Now that we are well into cold and flu season, the chorus of coughs, sure to be found anywhere that more than a few children a

Nelson Branco, MD, FAAPPartner, Tamalpais Pediatrics, Greenbrae, CAMedical Staff, Marin General Hospital and Novato Community Hospital In cold and flu season, a chorus of cough can be heard wherever more than a few children gather. Cough can be caused by many different illnesses. We’ll review the most common and also what you can do to make a coughing child more comfortable, as well as the signs that indicate your child should be seen by a physician.
Cough is a protective reflex that keeps the lungs clear of mucous, irritants and infection. Cough can be voluntary, but it’s difficult to suppress a cough when your brain says it’s necessary. Cough can interrupt sleep, be disruptive at school or irritating to your child, and cough is a very efficient way to pass infections to others (Cover That Cough!).
Colds or viral upper respiratory infections are the most common cause for cough. Throat irritation from the virus itself, dry air from mouth breathing because of nasal congestion and mucous from post nasal drip can all lead to coughing. It can be day or night, dry or productive, and usually coincides with the nose or throat symptoms. If the cough doesn’t interrupt sleep and isn’t associated with chest congestion or wheezing, it can be treated with fluids, rest and something to soothe the throat. Herbal tea with lemon and honey, cough drops for older kids, soups and cool beverages can help. For the congestion, and to thin the mucous so that it’s easier to cough up, vaporizers/humidifiers, steamy bathrooms, and saline nose drops can help. I recommend over the counter cough suppressants only for children over one year of age who aren’t sleeping or are distressed by the cough. The right medication to use is a “Cough” or “DM” formula of your favorite brand. DM is Dextromethorpham, a cough suppressant. There are prescription cough suppressants, usually containing Codeine, a narcotic. This is less frequently used in children, since the side effects (mainly sedation, and respiratory depression with overdose) can be more common in children, who metabolize Codeine differently than adults.
Your child should be seen by their physician if the cough is worsening instead of getting better, is accompanied by a high fever, is wheezing, or having difficult and/or rapid breathing. If your child is distressed, look at their chest to watch for retractions. If you can see the spaces in between the ribs being pulled in with each breath, your child should be seen by a physician right away. Cough from a cold can last for several weeks. As long as there are no concerning signs, it’s fine to care for your child at home and wait for the slow, gradual improvement.
Croup is a viral illness that causes cough. A croupy cough is a distinctive barky cough - like a seal barking. Croup is treated with cool, moist air from a vaporizer/humidifier or a steamy bathroom. If your child makes a whistling or wheezy sound when they breathe in, this is called stridor. Stridor is common after and during a coughing fit or crying, and is a sign that your child should be evaluated by a physician. If they have stridor when calm and not crying, they should be seen right away. Croup is worse at night, and is a common reason for midnight visits to the ER. Croup with stridor or difficulty breathing may require steroids to help relieve swelling in the upper airway. Antibiotics are not necessary because it is a viral illness. Children with asthma or “reactive airway disease” can have frequent cough. These children use inhaled medications (most commonly Albuterol) to relax the muscles in their airways and open them. They may also use oral or inhaled steroids or other preventative medications to treat inflammation and allergy. If your child has asthma or recurrent wheezing, you should have a written asthma plan prepared by their physician. If you don’t, make an appointment to review your plan for illnesses that may arise this winter. You should make sure that they get a flu shot and that you have medication for cough and wheezing that may come with colds, which are a frequent trigger for kids with asthma. Another virus that can cause significant illness, especially in infants, is Respiratory Synctitial Virus (RSV). RSV and other viruses cause bronchiolitis. The viruses cause inflammation in the small airways of the lungs. This leads to fever, cough, wheezing, chest congestion, trouble feeding, or difficulty breathing. If your infant has any of these symptoms, they should be seen immediately by a physician. Bronchiolitis is not always serious, but can lead to hospitalization.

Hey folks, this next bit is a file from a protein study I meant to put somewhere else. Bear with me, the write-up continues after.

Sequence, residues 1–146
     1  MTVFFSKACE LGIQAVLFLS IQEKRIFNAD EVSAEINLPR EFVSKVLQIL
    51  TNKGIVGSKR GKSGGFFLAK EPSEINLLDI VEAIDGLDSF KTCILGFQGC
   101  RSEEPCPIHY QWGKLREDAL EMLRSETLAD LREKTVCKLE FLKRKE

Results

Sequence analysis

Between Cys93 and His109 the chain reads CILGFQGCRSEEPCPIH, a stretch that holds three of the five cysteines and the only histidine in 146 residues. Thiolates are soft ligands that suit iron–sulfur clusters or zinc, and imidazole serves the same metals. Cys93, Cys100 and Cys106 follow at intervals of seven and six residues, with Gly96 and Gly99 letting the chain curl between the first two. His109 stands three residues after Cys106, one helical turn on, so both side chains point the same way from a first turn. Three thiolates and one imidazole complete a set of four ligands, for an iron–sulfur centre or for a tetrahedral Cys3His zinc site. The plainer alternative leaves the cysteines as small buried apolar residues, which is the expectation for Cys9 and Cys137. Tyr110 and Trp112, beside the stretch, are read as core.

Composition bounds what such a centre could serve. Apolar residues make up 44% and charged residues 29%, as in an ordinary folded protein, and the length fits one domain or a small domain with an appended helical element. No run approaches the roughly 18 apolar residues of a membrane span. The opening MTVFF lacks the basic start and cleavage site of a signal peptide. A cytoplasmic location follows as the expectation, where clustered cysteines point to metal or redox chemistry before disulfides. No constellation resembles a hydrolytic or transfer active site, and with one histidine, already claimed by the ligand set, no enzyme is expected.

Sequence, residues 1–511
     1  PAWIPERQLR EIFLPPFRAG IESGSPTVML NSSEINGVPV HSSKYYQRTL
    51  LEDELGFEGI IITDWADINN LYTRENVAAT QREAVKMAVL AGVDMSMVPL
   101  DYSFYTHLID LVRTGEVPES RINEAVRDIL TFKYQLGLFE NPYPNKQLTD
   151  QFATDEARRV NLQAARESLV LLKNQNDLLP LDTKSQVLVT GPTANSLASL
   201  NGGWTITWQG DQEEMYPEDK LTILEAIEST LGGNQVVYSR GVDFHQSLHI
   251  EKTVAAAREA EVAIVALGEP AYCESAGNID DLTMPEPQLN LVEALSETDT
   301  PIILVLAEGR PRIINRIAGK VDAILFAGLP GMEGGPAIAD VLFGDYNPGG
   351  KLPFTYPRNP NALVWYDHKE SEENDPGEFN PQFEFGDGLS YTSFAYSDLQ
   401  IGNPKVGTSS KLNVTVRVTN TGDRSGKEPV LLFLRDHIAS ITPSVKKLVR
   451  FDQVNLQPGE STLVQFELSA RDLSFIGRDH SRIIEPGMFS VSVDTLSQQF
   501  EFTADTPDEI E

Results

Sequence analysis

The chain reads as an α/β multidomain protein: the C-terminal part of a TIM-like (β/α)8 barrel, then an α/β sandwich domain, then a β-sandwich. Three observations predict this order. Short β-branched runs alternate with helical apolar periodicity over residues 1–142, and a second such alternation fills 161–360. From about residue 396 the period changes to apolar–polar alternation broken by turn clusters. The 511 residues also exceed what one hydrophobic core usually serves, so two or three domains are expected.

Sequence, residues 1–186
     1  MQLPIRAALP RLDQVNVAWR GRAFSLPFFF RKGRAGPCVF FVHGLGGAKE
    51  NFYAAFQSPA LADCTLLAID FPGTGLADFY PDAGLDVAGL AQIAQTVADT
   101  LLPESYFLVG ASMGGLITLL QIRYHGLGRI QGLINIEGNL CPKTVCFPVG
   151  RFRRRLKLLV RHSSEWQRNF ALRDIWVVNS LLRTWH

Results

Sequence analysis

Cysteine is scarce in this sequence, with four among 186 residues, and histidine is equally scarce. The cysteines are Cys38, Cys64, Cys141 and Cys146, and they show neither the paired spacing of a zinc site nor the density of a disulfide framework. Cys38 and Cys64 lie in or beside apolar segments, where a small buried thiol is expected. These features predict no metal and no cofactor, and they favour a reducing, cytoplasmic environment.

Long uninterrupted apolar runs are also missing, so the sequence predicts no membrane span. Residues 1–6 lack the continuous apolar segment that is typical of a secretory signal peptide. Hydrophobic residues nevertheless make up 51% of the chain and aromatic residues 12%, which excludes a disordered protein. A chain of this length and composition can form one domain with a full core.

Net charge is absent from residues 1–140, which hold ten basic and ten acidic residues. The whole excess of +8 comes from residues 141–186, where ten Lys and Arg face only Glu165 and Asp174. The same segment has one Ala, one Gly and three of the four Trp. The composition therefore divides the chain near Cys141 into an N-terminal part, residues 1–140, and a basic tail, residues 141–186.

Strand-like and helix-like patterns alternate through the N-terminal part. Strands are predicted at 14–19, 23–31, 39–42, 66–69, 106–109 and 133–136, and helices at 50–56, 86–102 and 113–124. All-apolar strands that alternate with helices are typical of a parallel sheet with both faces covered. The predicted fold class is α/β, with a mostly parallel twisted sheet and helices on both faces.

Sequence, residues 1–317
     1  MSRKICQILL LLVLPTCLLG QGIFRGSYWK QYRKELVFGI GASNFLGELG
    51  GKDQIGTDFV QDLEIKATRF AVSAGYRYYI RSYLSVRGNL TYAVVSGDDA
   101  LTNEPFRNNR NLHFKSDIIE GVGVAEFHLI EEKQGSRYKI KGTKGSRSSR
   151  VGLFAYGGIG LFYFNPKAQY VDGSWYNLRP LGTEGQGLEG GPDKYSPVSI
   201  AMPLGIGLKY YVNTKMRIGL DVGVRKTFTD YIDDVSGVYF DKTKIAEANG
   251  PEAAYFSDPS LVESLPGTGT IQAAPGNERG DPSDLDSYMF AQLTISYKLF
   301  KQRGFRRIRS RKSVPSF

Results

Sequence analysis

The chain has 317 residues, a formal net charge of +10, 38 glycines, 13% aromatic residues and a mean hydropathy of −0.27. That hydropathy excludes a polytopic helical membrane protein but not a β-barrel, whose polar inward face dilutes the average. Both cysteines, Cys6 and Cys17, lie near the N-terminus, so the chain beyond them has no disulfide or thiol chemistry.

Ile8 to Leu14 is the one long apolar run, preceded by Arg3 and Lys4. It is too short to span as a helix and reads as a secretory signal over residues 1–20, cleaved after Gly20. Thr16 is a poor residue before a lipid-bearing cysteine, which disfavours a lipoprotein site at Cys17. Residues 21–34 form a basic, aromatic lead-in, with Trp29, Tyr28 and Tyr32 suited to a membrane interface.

Pneumonia and bronchitis are a frequent concern of parents who bring their coughing children to the doctor. These are usually bacterial infections and often require antibiotics. Common signs are fever, productive cough, chest or abdominal pain and rapid or difficult breathing. Sometimes a chest x-ray is needed, but often a physician can diagnose these by listening carefully to the chest. If there is difficulty breathing or low oxygen level, hospitalization may be necessary.
There are other conditions and illnesses that cause cough – allergies, sinusitis, acid reflux, heart problems, tuberculosis, choking or aspiration, etc. If you suspect any of these, consult your child’s physician for help. I hope that this review of the common reasons and treatment for cough is helpful this winter season. Remember - the best treatment is prevention. Teach your kids to wash their hands frequently,get a flu shot and, as much as possible, avoid people who are obviously sick.


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